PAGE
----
Oliver Trailers Deliver Remote Camping Luxury
If you’re looking for a four-season Recreation Vehicle and want to experience remote camping in luxury, then consider the Oliver Travel Trailer Legacy Elite II (olivertraveltrailers.com).
Oliver’s hand-crafted fiberglass travel trailers are sold factory direct and made-to-order about 80 miles southwest of Nashville at the Oliver Fiberglass Products Company plant.
The Oliver brothers’ love of the outdoors and past negative experiences with other trailers led them to design and “build a unit that would last them and their families for years to come,” according to company literature.
What resulted is a two-piece, hand-laid fiberglass composite body mounted to an aluminum frame. The design features only top quality components including marine-grade stainless-steel latches and hinges.
“Stepping into a Legacy Elite II is like stepping onto an opulent yacht,” said former harbor master Mike Nickel who has hand-built two sailboats of his own.
Nickel and his wife, Elaine, have gravitated toward small space living all their adult lives. “Out of our 45 years of marriage, we only have lived in a house for six years. Other than that, sailboats, trollers, and recreation vehicles have been our homes,”
The full-time RVers consider themselves “Pacific Northwest people” even though they live half of the year in the Southwest. “We bounce back and forth,” said Elaine Nickel.
Longtime RVers, the Nickels have owned half a dozen rigs including a fiberglass truck camper and a 2016 17-foot Casita. “Although we enjoyed the fiberglass Casita,” said Elaine, “we wanted something with a little more room.”
The Nickels selected the 2019 Oliver Legacy Elite II (23-foot, 6-inch), listed on the website with a starting price at a smidge under $54,000. This high-end tandem axle camping trailer is available in two layouts, the standard (queen bed in the rear) or the twin bed floor plan.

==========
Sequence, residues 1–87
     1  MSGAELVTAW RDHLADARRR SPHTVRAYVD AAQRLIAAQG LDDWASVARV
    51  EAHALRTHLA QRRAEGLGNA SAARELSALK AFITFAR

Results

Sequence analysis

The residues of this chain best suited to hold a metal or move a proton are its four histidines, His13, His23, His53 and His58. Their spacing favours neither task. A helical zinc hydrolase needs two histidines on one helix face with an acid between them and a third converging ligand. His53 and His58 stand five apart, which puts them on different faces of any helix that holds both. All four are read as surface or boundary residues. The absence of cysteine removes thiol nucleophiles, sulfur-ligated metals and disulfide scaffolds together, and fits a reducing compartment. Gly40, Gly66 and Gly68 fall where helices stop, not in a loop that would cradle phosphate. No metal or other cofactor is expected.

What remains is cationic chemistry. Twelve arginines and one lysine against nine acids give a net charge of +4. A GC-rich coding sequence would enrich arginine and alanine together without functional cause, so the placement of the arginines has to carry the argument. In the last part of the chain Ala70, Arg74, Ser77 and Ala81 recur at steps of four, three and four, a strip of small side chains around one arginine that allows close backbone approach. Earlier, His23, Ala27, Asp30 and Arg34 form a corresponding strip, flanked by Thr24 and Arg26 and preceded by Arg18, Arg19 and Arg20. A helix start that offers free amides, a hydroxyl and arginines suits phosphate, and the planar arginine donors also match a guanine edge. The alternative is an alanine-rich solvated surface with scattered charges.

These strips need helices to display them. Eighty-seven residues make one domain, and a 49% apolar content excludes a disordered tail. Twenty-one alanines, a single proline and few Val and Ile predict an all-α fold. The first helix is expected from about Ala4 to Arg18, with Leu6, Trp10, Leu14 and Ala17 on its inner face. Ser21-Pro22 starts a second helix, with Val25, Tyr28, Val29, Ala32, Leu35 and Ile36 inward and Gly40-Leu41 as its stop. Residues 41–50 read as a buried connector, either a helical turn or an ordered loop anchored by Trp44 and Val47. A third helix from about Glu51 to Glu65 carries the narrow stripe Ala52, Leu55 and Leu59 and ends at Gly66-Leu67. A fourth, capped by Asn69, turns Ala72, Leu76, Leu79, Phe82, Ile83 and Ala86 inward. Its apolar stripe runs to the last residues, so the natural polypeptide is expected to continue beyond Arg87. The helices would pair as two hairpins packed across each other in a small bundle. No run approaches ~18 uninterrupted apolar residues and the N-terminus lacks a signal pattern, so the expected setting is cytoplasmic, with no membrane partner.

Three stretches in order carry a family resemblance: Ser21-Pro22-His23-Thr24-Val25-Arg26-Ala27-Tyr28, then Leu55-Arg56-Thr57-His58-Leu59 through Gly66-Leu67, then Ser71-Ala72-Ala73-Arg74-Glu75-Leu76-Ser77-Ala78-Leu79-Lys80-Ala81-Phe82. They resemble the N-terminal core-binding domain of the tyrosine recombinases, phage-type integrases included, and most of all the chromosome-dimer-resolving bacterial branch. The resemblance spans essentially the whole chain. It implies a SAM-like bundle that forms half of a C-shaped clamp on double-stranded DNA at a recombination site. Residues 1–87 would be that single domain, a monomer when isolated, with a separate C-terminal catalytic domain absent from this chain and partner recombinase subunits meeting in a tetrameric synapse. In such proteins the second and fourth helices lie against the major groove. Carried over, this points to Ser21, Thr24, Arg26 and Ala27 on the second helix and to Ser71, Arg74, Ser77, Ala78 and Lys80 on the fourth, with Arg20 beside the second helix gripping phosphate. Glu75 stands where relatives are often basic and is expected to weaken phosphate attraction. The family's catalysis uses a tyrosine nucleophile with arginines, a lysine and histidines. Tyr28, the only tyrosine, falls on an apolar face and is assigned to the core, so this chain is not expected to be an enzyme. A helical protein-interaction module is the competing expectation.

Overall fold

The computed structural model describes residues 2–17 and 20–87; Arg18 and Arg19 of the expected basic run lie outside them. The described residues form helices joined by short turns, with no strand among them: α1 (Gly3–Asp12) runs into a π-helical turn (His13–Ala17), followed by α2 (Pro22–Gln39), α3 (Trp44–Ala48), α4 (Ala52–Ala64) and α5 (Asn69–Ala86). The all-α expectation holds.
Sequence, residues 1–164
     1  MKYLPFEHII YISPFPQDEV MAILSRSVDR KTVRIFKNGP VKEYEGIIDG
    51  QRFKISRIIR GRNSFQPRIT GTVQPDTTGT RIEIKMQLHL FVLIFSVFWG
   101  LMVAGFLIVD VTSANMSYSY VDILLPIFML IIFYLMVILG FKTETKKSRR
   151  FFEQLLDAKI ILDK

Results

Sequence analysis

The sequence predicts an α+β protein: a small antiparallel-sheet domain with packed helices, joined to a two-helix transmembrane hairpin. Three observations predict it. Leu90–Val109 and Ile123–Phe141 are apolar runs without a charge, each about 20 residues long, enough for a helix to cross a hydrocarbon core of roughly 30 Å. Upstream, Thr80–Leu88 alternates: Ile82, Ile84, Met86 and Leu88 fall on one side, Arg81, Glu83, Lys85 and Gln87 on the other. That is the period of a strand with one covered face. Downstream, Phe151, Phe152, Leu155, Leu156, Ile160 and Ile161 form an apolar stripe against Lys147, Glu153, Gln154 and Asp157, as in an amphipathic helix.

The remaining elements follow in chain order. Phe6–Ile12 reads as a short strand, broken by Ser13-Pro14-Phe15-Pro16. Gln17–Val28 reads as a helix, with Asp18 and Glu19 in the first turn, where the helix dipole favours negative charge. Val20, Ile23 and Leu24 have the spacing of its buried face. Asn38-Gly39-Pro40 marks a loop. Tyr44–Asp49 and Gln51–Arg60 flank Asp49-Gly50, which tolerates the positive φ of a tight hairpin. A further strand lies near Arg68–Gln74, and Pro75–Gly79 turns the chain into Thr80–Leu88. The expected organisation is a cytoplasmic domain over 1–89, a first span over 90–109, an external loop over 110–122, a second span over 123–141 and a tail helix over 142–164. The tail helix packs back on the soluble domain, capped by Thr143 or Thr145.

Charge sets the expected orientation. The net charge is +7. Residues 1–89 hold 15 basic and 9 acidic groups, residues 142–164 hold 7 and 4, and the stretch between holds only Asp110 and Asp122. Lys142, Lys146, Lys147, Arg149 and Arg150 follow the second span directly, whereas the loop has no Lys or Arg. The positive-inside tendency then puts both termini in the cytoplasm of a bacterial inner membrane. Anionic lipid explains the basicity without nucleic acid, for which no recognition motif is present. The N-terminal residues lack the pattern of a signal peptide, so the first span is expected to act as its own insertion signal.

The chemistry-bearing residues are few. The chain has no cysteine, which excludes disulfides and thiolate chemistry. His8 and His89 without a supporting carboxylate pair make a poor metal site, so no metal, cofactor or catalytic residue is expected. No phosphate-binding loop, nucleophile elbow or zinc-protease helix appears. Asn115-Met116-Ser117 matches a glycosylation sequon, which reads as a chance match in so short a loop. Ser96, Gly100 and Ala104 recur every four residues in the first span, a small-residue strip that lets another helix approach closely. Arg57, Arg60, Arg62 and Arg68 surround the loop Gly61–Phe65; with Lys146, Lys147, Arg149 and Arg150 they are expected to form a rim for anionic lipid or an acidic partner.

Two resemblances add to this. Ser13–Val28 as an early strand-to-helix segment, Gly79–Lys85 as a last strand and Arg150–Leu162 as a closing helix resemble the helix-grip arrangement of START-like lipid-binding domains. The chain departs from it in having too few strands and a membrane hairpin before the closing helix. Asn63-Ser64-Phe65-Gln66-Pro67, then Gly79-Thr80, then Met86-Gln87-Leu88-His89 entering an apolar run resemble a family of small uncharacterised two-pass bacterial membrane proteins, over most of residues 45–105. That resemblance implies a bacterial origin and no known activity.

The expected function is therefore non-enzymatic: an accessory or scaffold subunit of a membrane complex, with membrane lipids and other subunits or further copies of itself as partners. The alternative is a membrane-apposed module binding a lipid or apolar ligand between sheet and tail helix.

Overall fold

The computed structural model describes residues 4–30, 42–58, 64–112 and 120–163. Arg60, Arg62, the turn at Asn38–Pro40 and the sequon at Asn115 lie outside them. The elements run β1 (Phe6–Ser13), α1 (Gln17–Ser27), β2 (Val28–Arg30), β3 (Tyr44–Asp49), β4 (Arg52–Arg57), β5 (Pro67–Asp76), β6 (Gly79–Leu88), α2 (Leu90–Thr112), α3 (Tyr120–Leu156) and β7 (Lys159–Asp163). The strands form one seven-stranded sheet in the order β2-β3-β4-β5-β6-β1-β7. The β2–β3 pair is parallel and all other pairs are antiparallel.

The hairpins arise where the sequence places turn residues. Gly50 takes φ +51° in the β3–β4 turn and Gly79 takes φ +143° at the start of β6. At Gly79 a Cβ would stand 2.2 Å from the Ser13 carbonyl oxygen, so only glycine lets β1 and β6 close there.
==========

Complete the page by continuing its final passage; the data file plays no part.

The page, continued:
A few of the standard features in this double-hulled insulated unit include thermal pane windows, central heat, TV/Stereo, a full bathroom with shower, and pretty good storage space.
Buyers personalize the standard options to reflect their own unique flair. They can choose from among three awning colors, 25 exterior graphics colors, nine upholstery options and seven flooring choices.
In addition to their Oliver’s broad list of standard features, the Nickels added almost $20,000 in extras. “We figured we might as well go for it,” said Mike Nickel.
Some of that 20 grand went for gel coated Fiber-Granite on all countertops ($1,700), two 8-inch custom-size KTT latex mattresses ($1,600), and a Truma AguaGo On Demand tankless water heater ($1,300).
“When camping in the desert every pint of water counts,” said Elaine Nickel. The instant heater “circulates hot water up to the faucet within five seconds, so little water is wasted.”
It also conserves on propane. “One does not have to heat all the water in a tank to get hot water at the sink,” said Mike Nickel.
The Nickels are experienced at dry camping without being attached to any municipal utilities. For their extensive off-the-grid adventures, their Oliver carries 340 watts of solar power and a bank of four deep cycle 6-volt batteries. “We can run our microwave off the batteries,” said Mike Nickel.
In the winter, they love dispersed camping on Bureau of Land Management Areas near Quartzsite. “Arizona is 100-percent boondocking,” said Elaine Nickel. “We do not plug in anywhere for five months.”
Oliver trailers come with large 30-gallon water tanks and waste holding tanks, LED interior lights and two optional 30-pound propane tanks. In addition, Oliver brags that the insulation from the double hull fiberglass construction in this “four season RV” affords the same comfort in the desert Southwest as in the “wilds of Canada.”
The Oliver trailer is “designed for easy towing” and most pickups or SUVs with a pulling capacity of 7,000 pounds are able to tow it with relative ease.
The Nickels’ 2013 Toyota Tundra “1/2-ton plus” is a comfortable match with their 2019 loaded Ollie.
“I cannot tell any difference from towing the Casita when we are moving down the road and the Oliver weighs twice as much,” observed Mike Nickel. “We are just as happy driving 50-55 mpg. When I come to a hill I just go up it. I do not have to go 70 mph. Why burn a lot of gas?”